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While public school teachers may get their first substantive pay hike in six years, low salaries are not a glaring issue for new teachers.

Louisiana ranks 17th in the U.S. for starting salaries, above the national average.

New teachers are paid an average of $40,128 compared with $38,617 nationally, according to 2016-17 figures compiled by the National Education Association.

It is roughly what new teachers get in Texas, Rhode Island, Delaware and Washington.

But all that changes drastically in a few years.

The average salary for all teachers in Louisiana is 37th in the nation and the ranking is falling, according to the education group.

Pay averaged $50,000 in 2017, the latest figures available for comparison purposes.

The national average that year was $59,660.

The state ranked 34th in 2016.

Officials said a decade of state budget problems and action sparked by a worsening teacher shortage helps explain the gap.

Recurring budget troubles have already pulled teachers salaries here below the average set by the Southern Regional Education Board in Atlanta.

The state, after years of trying, finally hit that target for the financial year that began July 1, 2008.

But it slipped below the average in 2013, which is a key reason Gov. John Bel Edwards has proposed boosting pay by $1,000 this year, and more in future years, to again reach the education board benchmark by 2022.

In addition, fewer people are entering the profession.

The number of students finishing teacher preparation programs has dropped 18 percent in Louisiana since the 2010-11 school year, part of a nationwide trend.

Also, basic state aid for public schools, which is supposed to help with teacher pay, has been frozen for 10 of the past 11 years.

"I believe in the past, possibly over the past 7-10 years, local school boards have focused on maintaining and increasing their pay scales on starting teacher salaries," Shane Riddle, legislative and political director for the Louisiana Association of Educators, said Tuesday in an email.

The drop-off starts in about the fifth year of teaching, Riddle said.

That means periodic increases for teachers in Louisiana are not keeping pace with Southern states and others, he said.

"So bottom line is that local school districts are focusing on adjusting their pay scales upwards on the front end at a higher pace than through the middle and end of the schedules trying to entice teachers to the profession," Riddle said.

Larry Carter, president of the Louisiana Federation of Teachers, made a similar point.

Carter said that, for the past five or 10 years, school districts have focused on offering competitive salaries to attract teachers because of shortages.

Keith Courville, executive director of the Associated Professional Educators of Louisiana, said salaries start falling behind here partly because teachers have less incentive to earn advanced degrees.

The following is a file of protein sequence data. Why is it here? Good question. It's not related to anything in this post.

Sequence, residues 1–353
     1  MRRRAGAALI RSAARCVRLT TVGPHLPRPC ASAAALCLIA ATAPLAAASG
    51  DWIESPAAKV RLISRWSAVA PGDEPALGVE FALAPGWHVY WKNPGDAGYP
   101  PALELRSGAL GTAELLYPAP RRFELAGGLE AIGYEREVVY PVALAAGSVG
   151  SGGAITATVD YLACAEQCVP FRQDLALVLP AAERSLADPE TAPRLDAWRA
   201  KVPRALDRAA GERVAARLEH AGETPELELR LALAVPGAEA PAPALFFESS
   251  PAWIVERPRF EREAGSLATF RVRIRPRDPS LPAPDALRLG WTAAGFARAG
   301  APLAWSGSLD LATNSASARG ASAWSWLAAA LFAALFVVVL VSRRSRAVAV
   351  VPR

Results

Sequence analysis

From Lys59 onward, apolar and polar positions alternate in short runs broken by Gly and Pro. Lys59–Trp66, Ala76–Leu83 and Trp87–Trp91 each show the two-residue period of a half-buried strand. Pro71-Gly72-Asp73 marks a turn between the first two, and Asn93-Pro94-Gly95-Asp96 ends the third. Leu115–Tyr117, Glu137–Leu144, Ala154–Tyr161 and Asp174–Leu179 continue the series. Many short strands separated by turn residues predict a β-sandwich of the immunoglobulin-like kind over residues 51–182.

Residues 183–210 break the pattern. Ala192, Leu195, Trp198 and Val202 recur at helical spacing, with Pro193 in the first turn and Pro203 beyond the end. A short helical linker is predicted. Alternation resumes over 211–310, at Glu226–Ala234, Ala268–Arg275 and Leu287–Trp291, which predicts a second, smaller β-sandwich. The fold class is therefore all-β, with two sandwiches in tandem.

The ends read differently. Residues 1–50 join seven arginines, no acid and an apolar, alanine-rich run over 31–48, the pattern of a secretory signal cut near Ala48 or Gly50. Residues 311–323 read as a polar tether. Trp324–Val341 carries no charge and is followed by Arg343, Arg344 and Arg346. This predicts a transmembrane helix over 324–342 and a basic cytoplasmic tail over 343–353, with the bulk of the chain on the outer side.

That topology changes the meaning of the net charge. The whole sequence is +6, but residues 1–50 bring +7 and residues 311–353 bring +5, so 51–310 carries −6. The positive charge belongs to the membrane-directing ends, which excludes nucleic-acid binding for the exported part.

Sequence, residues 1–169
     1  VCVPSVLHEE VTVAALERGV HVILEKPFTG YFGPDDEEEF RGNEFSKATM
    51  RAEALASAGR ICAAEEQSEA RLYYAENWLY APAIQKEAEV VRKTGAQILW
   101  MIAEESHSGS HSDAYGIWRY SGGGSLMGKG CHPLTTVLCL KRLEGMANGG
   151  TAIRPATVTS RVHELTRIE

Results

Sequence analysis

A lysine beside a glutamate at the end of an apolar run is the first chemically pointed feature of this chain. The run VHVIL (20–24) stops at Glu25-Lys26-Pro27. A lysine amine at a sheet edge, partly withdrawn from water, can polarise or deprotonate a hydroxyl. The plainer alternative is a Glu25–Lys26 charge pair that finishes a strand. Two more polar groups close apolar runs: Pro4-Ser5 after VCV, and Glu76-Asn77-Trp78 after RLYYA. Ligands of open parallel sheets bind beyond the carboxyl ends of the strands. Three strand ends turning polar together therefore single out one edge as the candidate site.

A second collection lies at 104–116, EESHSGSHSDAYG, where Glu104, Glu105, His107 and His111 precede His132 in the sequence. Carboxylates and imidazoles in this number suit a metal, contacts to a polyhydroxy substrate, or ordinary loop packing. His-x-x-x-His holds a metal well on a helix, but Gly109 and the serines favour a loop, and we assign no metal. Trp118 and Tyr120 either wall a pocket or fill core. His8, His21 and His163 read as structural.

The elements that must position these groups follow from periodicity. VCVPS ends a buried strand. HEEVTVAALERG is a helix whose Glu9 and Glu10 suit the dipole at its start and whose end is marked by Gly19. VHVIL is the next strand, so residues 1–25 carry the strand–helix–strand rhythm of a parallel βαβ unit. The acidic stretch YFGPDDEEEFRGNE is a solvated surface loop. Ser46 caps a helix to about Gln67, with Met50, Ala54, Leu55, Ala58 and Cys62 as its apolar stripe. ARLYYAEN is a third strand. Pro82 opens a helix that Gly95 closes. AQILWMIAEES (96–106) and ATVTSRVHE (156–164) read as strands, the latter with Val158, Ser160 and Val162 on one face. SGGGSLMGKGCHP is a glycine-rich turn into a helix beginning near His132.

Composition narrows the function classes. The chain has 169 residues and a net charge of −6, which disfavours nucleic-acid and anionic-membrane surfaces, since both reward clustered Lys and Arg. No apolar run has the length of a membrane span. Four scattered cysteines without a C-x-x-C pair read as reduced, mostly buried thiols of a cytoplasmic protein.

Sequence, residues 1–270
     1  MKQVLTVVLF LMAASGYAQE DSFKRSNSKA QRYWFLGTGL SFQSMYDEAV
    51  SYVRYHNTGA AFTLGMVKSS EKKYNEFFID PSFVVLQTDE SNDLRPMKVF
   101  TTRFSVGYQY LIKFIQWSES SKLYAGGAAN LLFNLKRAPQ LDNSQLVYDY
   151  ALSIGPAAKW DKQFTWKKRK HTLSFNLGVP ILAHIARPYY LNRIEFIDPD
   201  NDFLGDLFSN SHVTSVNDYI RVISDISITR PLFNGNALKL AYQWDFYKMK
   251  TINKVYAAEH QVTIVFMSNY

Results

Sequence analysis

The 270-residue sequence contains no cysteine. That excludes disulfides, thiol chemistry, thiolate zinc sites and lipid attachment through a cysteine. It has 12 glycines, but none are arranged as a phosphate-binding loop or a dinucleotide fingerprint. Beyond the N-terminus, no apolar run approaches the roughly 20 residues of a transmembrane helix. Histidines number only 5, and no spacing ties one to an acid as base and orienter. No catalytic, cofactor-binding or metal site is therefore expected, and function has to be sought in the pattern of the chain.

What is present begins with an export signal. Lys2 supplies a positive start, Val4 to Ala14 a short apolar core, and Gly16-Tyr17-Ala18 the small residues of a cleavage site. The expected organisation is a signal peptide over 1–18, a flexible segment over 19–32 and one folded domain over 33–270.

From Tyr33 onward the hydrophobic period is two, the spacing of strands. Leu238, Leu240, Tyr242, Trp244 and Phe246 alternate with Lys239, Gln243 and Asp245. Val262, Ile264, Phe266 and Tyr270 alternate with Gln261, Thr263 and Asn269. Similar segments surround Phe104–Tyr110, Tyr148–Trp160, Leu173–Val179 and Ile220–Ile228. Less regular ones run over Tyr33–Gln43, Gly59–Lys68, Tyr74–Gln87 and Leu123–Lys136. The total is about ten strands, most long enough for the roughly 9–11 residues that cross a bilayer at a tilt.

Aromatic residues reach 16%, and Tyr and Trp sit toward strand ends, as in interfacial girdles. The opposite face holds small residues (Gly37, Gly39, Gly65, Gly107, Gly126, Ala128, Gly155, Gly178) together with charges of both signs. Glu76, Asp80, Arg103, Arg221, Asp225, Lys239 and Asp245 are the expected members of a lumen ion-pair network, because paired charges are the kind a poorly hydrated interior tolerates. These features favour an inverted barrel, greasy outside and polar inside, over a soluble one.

"We have a culture in our state of not valuing higher education attainment," he said.

Courville said that, when he was a teacher, he spent two years investing in a master's degree that only resulted in a $500 per year raise.

"If you look at raw calculations it was not worth it in terms of how much money you spent," he said.

"Even states with starting salaries lower than us you might get a $5,000 raise once you get a master's degree," Courville said. "So they are above us once you get the master's degree."

The governor's proposal, including $500 pay boosts for support workers, enjoys wide support in the Legislature, at least in concept. 

Disagreements remain on the exact size of the increase, who should be included and how the raises should be financed.

The 2019 regular session, which will take place in an election year, begins on April 8.

The debate comes amid teacher unrest in Louisiana and elsewhere, including an ongoing strike in Los Angeles and teacher job actions over pay last year in Oklahoma, Arizona and West Virginia.

Louisiana's roughly 50,000 teachers are supposed to get half of any increases in annual state aid for public schools, which is allocated through a funding system called the Minimum Foundation Program.

MFP dollars have been frozen for most of the past decade.

Edwards wants this year's increase to be spelled out in the MFP so that teachers are guaranteed the money.

The latest SREB comparison figures — 2015-16 — showed teachers were paid $1,250 below the regional average.

The governor says that gap is now about $2,200, and that it will take three years of salary hikes to reach the education board target again.

Teachers in New York have the highest average salary at $81,902, according to the NEA figures.

Oklahoma was ranked 50th at $45,292, which will change after last year's pay raise.

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Follow Will Sentell on Twitter, @WillSentell.